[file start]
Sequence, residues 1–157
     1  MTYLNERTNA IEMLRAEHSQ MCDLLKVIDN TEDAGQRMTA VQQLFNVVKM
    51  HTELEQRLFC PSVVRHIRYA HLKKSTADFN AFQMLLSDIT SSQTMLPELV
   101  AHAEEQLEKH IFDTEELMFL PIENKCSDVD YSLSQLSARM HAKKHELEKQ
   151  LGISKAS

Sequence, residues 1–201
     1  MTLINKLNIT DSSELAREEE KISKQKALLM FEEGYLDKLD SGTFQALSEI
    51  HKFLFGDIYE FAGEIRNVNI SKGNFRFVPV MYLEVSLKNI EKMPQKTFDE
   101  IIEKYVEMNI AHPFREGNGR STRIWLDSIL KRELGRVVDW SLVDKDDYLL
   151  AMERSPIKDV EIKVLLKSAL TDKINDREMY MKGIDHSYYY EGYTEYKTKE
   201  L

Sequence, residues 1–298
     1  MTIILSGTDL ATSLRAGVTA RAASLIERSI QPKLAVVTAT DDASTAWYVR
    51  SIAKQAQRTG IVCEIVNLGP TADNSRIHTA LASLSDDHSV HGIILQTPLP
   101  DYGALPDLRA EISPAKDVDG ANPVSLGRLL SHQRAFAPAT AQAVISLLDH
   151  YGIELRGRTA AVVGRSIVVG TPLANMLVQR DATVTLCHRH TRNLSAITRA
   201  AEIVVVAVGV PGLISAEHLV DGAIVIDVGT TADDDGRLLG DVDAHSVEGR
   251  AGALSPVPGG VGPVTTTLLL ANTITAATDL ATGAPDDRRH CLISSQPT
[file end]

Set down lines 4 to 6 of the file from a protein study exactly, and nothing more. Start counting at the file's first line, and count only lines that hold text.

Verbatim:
   101  AHAEEQLEKH IFDTEELMFL PIENKCSDVD YSLSQLSARM HAKKHELEKQ
   151  LGISKAS

Sequence, residues 1–201